Learning Following

Author’s note: For the indefinite future, most of my digital articles will be short and shorter – and they will certainly be few and fewer!

Why? Because I’m writing another book – one that will appear after the next one. My next book – to be published at the end of this month by Cambridge University Press – is co-authored with Todd Pittinsky. It is titled, Leaders Who Lust: Power, Money, Sex, Success, Legitimacy, Legacy.

The cracks have been evident for years. But they were not a menace. Now they are. Now after almost four years of Donald Trump in the White House those cracks in our civics are so wide, they threaten the edifice itself.

In recent decades, has been an almost perfect corollary: my own field, leadership education, has gone up, while civics education has gone down. This applies across the board, in high schools as well as colleges and universities.

Makes sense that the second has been sacrificed at the altar of the first, for leadership accentuates the importance of the individual, while civics accentuates the importance of the group. The community. The citizenry – followers not leaders.

No question that in recent decades courses in civics have declined precipitously. What used to be considered a requisite – a system of public education tasked with teaching, among other things, the virtues of democracy – has to a large degree gone by the board. Learning about civics has been marginalized by other kinds learnings, specifically those focused on preparing students for competition in the private sector rather than participation in the public one.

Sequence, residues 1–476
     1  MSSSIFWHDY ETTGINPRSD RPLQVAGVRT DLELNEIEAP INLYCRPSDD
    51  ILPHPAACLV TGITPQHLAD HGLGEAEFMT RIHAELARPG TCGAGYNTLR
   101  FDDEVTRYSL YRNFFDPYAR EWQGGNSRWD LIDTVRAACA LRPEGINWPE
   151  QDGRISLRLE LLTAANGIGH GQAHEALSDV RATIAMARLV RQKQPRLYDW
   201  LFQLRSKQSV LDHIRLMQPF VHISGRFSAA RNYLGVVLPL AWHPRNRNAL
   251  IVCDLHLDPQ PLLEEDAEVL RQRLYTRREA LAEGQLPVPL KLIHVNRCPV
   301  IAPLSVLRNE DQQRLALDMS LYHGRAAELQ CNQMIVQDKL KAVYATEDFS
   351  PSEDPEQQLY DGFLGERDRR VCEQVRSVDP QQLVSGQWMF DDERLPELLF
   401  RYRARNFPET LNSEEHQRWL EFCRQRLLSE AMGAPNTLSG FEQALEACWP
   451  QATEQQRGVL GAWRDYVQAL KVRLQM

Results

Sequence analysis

The cost of this neglect has been steep. First, is Americans’ abysmal lack of knowledge, of even a rudimentary understanding of American history. And of even the basics of our political system. Of the constitution, of the three branches of government, of the rights and responsibilities of the citizenry. Can it possibly be good that at best one third of the American people can name the three branches of government? Can it possibly be good that less than one quarter of eighth graders perform at or about the proficiency level on a nationwide exam in civics?

Even if we were adept at educating, training, and developing leaders – an assumption that regular readers know I question – how does it help if followers, ordinary Americans, are so underprepared to participate in political life? If American citizens have got to the point of electing to the White House a man as miserably ill-equipped and as woefully unsuited as Donald Trump? If Americans have got to the point where violence among them, between them, is a not wholly unanticipated outcome of this November’s presidential election?

High time, past time, to turn back the clock. To return to a time when civics education was rigorous – and required. When civics education was considered essential to preparing a responsible citizenry which, in turn, was considered essential to a functioning democracy.

Bottom line: educate not just leaders, but followers.    

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